Alcohol Awareness Month
Each April since 1987, the National Council on Alcoholism and Drug Dependence, Inc. (NCADD) has sponsored Alcohol Awareness Month to increase public awareness and understanding, reduce stigma and encourage local communities to focus on alcoholism and alcohol-related issues.
With this year’s theme — “Changing Attitudes: It’s not a ‘rite of passage.’ ” — the month of April will be filled with local, state, and national events aimed at educating people about the treatment and prevention of alcoholism, particularly among our youth, and the important role that parents can play in giving kids a better understanding of the impact that alcohol can have on their lives.
To help you plan and develop your own 2018 Alcohol Awareness Month events we have prepared an Organizer’s Guide which you can download as a PDF.
Please share your events, stories and photos with us on Social Media!
2017 Legislative Session Wrap-Up
If a person with interest in behavioral health and substance use related policies were to describe this legislative session, they would probably narrow it down to two words; so close. ACT Missouri tracked 79 of these bills, and only four made it to the Governor’s desk; HB 115 to change airport alcohol sales, HB 336 for life insurance policies to contain suicide exclusions or limitations, SB 52 for suicide prevention and awareness, and SB 139 to establish a Controlled Substance Abuse Prevention Fund, MO RX Cares Program, and modify the MO HealthNet Pharmacy Program.
For the 6th straight year, the Legislature has failed to pass a PDMP. Even though Representative Rehder’s and Senator Schatz’s HB 90, the Narcotics Control Act, had 70 “Actions” mentioned on its activity report, multiple amendments made, compromises proposed, conference committees formed, hundreds of testimonies heard, and the overwhelming support from the members of Safe and Strong Missouri, which includes 33 prominent state healthcare providers and trade associations, 11 law enforcement agencies, 26 employers, and 38 substance use prevention and recovery advocacy groups, it never was “Truly Agreed and Finally Passed”. U.S. Senator McCaskill has asked Governor Greitens to call a special session to get its passage accomplished this year.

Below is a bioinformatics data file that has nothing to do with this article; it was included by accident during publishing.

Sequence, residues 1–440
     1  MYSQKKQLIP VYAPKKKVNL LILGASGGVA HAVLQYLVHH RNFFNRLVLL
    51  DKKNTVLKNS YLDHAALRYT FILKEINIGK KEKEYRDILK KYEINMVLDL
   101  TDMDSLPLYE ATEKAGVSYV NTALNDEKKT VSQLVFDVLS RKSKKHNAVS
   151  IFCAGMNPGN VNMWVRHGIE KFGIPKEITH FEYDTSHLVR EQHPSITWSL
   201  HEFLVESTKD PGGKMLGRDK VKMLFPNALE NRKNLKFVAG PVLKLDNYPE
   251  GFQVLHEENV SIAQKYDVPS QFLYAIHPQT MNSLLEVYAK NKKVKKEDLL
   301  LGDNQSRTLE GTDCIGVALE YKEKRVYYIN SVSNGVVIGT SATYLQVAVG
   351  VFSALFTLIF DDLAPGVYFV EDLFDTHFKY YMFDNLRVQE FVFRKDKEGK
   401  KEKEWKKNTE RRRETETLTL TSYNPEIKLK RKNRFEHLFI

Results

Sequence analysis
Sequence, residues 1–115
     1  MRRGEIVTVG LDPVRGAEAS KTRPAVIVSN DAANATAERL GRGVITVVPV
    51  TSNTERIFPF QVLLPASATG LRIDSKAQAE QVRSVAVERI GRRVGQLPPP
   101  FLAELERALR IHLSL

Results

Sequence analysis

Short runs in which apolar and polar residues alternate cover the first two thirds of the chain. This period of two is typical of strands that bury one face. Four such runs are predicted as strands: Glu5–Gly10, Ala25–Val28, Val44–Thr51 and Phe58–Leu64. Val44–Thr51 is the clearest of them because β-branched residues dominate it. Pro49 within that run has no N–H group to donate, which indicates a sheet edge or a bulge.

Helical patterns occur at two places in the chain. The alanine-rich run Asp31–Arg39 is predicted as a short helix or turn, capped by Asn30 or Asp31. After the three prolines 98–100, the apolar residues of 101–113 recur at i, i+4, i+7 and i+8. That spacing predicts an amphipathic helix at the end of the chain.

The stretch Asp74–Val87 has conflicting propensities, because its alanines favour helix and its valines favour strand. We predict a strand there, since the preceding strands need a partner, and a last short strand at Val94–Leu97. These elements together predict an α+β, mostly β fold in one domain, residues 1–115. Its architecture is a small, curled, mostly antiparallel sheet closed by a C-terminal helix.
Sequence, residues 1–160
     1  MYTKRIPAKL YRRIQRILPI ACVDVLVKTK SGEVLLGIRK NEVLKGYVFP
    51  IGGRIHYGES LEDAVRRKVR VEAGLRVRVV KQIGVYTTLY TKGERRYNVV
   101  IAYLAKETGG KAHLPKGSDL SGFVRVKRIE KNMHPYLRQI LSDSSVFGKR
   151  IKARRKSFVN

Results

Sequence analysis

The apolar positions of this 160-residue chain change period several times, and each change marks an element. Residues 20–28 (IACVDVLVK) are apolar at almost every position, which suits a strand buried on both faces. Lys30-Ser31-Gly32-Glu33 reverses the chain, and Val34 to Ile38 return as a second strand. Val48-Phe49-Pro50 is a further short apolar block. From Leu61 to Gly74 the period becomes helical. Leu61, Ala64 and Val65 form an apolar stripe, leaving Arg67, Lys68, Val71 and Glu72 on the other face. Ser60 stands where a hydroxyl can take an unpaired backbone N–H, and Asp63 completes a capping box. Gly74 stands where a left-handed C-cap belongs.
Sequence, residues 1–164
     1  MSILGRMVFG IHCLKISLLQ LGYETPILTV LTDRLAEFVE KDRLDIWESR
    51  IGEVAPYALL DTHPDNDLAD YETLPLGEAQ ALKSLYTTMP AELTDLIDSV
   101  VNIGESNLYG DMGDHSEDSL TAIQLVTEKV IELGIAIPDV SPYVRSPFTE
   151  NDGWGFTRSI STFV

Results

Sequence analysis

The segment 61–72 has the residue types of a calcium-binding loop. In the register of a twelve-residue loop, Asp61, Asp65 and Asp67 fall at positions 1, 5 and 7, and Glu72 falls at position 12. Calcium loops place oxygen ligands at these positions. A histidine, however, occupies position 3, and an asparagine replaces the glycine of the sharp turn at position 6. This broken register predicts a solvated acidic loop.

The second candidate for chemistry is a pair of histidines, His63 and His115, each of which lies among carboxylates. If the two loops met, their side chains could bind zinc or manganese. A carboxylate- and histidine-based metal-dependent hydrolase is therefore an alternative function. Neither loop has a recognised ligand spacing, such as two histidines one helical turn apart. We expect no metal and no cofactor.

Another heartbreaker for prevention and recovery advocates was Rep. Lynch and Sen. Brown’s HB 294, which would provide certain immunities for persons who seek medical assistance for a drug or alcohol overdose. It was set on the Senate calendar, but not called up for a vote. This bill was also referred to as Bailey and Cody’s law, both of whose overdose deaths may have been prevented if friends had not feared legal ramifications and called 911.
A prevention related bill that had some traction was Rep. Pikes’ HB 29 to add powdered alcohol to the existing state statutes; making it illegal to purchase by those under 21. It made it through the House with several other alcohol related bills attached as amendments, was heard in Senate committee, but stalled after that. Similarly, SB 490, requiring healthcare professionals to receive suicide prevention training, and HB 35, modifying admissibility of chemical test results in intoxication proceedings, passed out of their chambers, were heard in the other’s committee, set on the respective calendar, but were not called for a vote.
On the topic of marijuana, five senate and seven house bills were filed pertaining to legalizing marijuana for medicinal or recreational use, allowing hemp cultivation, and expanding hemp oil provisions. The bills that made the most progress were Rep. Curtman’s HB 170, and Rep. Neely’s HB 437. HB 170 would have allowed the Dept. of Agriculture to grow, harvest, and cultivate industrial hemp, was voted do pass out of senate committee. HB 437 would have allowed persons with certain serious medical conditions to use medical cannabis, was voted do pass out of House committee but didn’t make it out of the House Chamber.
Read the final ACT Missouri Bill Tracking Report.
ACT Missouri would like to thank everyone for your advocacy efforts this session, especially those that came to Jefferson City to share stories, provide testimony, and educate legislators on the importance of behavioral health policies. It is concerned citizens like you that truly make a difference. If you are interested in becoming involved in advocacy, you can sign up to receive our legislative reports, request copies of our Speak Up, Speak Out, Speak Hard Handbook, and attend our future trainings. Email email@example.com to sign up!